Gray matters – Lady of the 80s
Belfast — Anyone who was born in the mid-1970s and on surely has a memory or two that is triggered by the sounds of some obscure song that which only one decade can take the blame for — ahh, the 80s.
Does anyone remember where they were when they first heard “I Ran” by A Flock of Seagulls? I sure do, and I was engaged in a long lost activity that was quite common when I was a kid. I was sitting in my living room with my older cousins watching a late-night show dedicated to broadcasting the best and worst of the music video era. Shows like that don't exist in that format anymore (you'd even be hard-pressed to find actual music videos on MTV).
The first time I heard one of the more memorable 80s anthems, “We're Not Gonna Take It” from Twisted Sister, I was sitting in my family's old camper in the North Maine woods learning to play five-card draw with my brother Shane and our older cousin Chris. Chris brought the entire “Stay Hungry” album on cassette (pre-compact discs, if you please!) for our listening pleasure (or something), so my brother and I were quite schooled on the coolness of hairbands upon our return.
It was, after all, the era that brought us parachute pants, break dancing and the rise of memorable hairstyles like the mullet for the fellows and the hole-in-the-ozone-layer-creating bangs for the ladies. While that decade has been history for some time now, there are still people like me who insist on hanging on to that time in our lives, at least a little bit.
I've heard on more than one occasion that perhaps I've slipped too far back into the 80s, though. Just about a month ago, it was Friday and also laundry day, so I decided to sport a vintage-cut Kiss t-shirt to the office (and for the purposes of this column, vintage means so far out of style it's not even funny).
Before I even reached my desk, my co-worker Dan stopped what he was doing, took a quick gander at my getup, and declared, “Hey Tanya, the 80s called. They want your entire outfit back.”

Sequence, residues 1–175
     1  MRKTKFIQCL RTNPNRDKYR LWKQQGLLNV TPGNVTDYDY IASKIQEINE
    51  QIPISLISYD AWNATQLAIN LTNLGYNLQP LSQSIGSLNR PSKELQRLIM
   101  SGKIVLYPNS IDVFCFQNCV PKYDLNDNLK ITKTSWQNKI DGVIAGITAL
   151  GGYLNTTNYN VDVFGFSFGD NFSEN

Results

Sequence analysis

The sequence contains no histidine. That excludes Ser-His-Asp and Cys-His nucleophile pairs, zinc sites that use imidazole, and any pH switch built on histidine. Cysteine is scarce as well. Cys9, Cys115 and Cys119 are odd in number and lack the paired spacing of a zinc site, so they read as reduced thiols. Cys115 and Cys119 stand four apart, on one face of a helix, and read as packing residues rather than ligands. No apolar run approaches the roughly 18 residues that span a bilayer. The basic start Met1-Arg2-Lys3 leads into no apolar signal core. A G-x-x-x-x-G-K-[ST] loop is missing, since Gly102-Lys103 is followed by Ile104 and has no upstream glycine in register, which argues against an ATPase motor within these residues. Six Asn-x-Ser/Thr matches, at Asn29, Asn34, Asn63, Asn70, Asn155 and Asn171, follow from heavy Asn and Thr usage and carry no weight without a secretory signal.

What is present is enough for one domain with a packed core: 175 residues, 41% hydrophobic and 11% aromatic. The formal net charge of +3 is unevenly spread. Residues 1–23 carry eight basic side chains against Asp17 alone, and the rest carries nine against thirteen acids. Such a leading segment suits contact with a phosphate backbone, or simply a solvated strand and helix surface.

Epic fail on the fashion front? Maybe. Staying true to my hairband roots? Totally.
The way I see it, the bad cancels out the good in that scenario, so me and Gene Simmons and the boys toured the city together for the remainder of my Friday. It was pretty sweet.
Then a few weeks ago, during my annual family camping trip up north, I was on the receiving end of almost the exact same comment from my boyfriend Mark. He apparently took issue with my choice of upta camp uniform that included aviator-style sunglasses with the American flag plastered across both lenses combined with my skull-and-crossbones do-rag that I wore to avoid dealing with my unruly hair.
“The 80's want those glasses back,” and “Are you auditioning for a Bruce Springsteen video?” are some of the wiseguy comments I endured during my four-day trip. Whatever. This from a guy who still listens to Guns N' Roses willingly (and yes, I still like some stuff from that band too so I can't say much).
Anyone remember those classic magazine covers of all the hairbands that just took it to the next level of over-the-top with the big hair that was too close to the moon's surface to be considered of this Earth and the outrageous eye makeup that caused parents everywhere to ask, “Are those women or men?”
I once heard someone refer to those flashy groups as “The Ladies of the 80s” — a photograph of Poison that appeared in the now defunct rock rag, Circus, immediately comes to mind. Those guys totally nailed that look with the spandex pants, teased-to-the-root locks and lipstick that was so bright it would have rivaled the most intense neon signs in Times Square.
I may have let go of my giant bangs, painfully permed hair and spandex many years ago, but I guess at heart — and sometimes a bit more outwardly, depending on when laundry day falls — I will always be a lady of the 80s too.
What can I say? I'll be turning up the radio, shouting it out loud and banging my head until I'm 80. And knowing me, I'll probably still have that Kiss t-shirt lying around in case I need a clean shirt.